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Modern American Spectacle, Thy Name Is Top Gun: Maverick

Movies Reviews Tom Cruise
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Modern American Spectacle, Thy Name Is <i>Top Gun: Maverick</i>

Not quite four years since Mission: Impossible—Fallout and much of Tom Cruise’s purpose remains the same—if it hasn’t exactly grown in religious fervor. In Top Gun: Maverick, the sequel to Tony Scott’s 1986 original, Cruise is Captain Pete “Maverick” Mitchell, a man trapped in the past, refusing to advance his career as resolutely as he refuses to do much of anything besides continue to prove he’s the greatest pilot in the world—a title the film never forgets to remind the audience that Maverick earned long ago—and mourn his best friend, Goose (Anthony Edwards), who died 35 years ago in an accident for which Maverick still feels responsible. Tom Cruise is also, simply, “Tom Cruise,” the only notable show business scion left to throw his body into mind-numbing danger to prove that it can be done, to show a younger generation that this is what movies can be, what superstars can do. Must do. The more modern action films teem with synthetic bodies bursting apart at the synthetic seams, the more Tom Cruise builds his films as alters upon which to splay his beautiful sacrificed flesh.

To that end, Joseph Kosinski is the precisely correct director to steer Cruise’s legacy sequel. As was the case with Kosinski’s Tron: Legacy, Maverick seems to exist to justify its existence, to update an IP that seems to only work in the past. For Top Gun this means translating Scott’s vision of sweat-drenched beach volleyball and unmitigated military spectacle into a soberer IMAX adventure, moving from the halcyon days of Reagan’s America to a world with no more need of a man like Maverick. “The future’s coming, and you’re not in it,” he’s told; every one of his superior officers appears to have no patience for him left. One can’t help but imagine that every new Tom Cruise vehicle is a way for him to reckon with that.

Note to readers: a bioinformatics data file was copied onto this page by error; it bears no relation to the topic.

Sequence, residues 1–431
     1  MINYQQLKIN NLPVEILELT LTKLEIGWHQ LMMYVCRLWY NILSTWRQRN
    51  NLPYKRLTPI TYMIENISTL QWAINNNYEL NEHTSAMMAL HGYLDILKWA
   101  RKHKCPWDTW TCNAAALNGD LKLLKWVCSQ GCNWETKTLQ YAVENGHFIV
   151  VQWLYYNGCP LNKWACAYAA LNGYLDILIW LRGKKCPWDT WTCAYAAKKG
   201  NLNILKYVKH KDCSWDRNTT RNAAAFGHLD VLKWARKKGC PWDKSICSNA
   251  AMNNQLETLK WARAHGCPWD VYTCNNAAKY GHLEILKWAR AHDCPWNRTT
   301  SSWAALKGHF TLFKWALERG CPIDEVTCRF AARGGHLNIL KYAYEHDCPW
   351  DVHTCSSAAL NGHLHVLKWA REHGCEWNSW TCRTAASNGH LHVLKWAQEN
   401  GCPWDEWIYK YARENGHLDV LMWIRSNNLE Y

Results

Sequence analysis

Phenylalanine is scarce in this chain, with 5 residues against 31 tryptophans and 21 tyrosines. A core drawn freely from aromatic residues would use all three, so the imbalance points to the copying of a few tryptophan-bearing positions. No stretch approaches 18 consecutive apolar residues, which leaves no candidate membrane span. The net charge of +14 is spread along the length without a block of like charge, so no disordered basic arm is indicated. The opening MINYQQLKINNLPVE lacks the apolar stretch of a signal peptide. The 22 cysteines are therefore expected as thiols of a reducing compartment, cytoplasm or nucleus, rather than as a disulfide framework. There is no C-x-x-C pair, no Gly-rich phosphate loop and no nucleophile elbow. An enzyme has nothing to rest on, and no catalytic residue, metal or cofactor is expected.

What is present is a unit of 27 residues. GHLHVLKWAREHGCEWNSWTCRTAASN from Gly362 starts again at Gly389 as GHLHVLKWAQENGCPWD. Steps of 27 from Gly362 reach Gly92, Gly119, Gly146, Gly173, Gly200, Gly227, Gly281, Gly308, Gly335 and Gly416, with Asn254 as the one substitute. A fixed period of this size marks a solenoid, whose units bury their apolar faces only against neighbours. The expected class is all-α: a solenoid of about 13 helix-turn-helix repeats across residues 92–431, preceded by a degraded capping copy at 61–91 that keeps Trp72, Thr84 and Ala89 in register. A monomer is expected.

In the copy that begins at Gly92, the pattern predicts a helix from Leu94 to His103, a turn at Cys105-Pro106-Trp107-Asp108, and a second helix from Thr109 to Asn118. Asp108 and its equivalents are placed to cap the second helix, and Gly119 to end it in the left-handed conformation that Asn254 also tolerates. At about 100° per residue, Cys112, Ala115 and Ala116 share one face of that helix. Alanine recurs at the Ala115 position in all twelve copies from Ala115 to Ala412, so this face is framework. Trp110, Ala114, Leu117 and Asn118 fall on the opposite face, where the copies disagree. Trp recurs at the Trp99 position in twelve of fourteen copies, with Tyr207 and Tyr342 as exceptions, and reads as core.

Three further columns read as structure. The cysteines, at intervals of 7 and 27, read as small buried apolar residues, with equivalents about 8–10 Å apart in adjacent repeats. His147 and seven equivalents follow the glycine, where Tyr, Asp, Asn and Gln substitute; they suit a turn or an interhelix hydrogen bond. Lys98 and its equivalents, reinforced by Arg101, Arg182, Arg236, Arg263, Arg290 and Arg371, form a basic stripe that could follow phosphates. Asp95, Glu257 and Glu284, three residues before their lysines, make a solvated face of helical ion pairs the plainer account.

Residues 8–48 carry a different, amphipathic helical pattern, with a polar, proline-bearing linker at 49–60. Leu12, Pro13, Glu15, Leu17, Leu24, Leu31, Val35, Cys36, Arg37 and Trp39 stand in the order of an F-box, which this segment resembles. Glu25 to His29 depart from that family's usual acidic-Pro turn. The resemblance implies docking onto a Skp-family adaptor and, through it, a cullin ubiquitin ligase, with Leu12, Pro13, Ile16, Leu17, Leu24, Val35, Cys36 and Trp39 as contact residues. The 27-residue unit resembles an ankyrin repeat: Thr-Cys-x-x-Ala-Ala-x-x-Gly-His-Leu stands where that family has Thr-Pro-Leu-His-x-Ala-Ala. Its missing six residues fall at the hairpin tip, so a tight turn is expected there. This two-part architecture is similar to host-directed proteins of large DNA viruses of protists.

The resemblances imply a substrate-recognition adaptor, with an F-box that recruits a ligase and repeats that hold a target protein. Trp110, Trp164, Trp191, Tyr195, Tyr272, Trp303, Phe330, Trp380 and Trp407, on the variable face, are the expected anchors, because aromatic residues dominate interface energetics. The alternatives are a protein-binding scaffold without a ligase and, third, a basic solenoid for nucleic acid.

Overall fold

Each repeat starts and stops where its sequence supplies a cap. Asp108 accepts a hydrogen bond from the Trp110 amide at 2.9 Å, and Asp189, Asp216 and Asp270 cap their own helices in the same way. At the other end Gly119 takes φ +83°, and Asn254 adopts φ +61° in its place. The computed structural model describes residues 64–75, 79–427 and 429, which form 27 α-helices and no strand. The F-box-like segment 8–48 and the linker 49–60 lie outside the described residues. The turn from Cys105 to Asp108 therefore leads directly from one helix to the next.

Maverick begins as Top Gun did, with the title card briefing the audience on the “Top Gun” flight school, followed breathlessly by Harold Faltermeyer’s near-spiritual theme and then crisp, consuming shots of fighter jets fueling, taking off, landing, the importance of each incomprehensibly expensive piece of machinery dictated by how many faceless expressions in aviators are focused on it—then fade to black. More than striking the right tone, this opening pays its last respects to everything the original film was that’s now gone. It’s an obligatory gesture as much as it feels subtle, even graceful, compared to the bombast to come. Which is maybe the magic Scott’s Top Gun still holds: It balances such disparate tones, between flamboyance and dead-seriousness, between patriotic fervor and detached disinterest, between being corny as hell and cool as fuck, until all is greased-up cinematic goodness splashed beatifically, sincerely before our eyes. Kosinski gets this. He knows there is only one sincere celebrity left who gets it too.

Thus, haunted and Thanatos drive throbbing, Maverick is Ethan Hunt is Tom Cruise. We meet him all this time later as test pilot for an experimental program with the apparent goal of reaching Mach 10, a program suddenly shuttered for budgetary reasons, in the first mention of many regarding military expenditure. If Top Gun portrayed elite pilots as grown men with unhealthy relationships to death (Tom Skerrit’s Commander Viper Metcalf an especially hard man in the wake of Goose’s death), then Maverick constantly weighs the lives of soldiers against the preservation of billion dollar weapons. “It’s not the plane, it’s the pilot,” Maverick reminds his Top Gun students until it’s a mantra. Maybe in the ’80s, Maverick, but not anymore.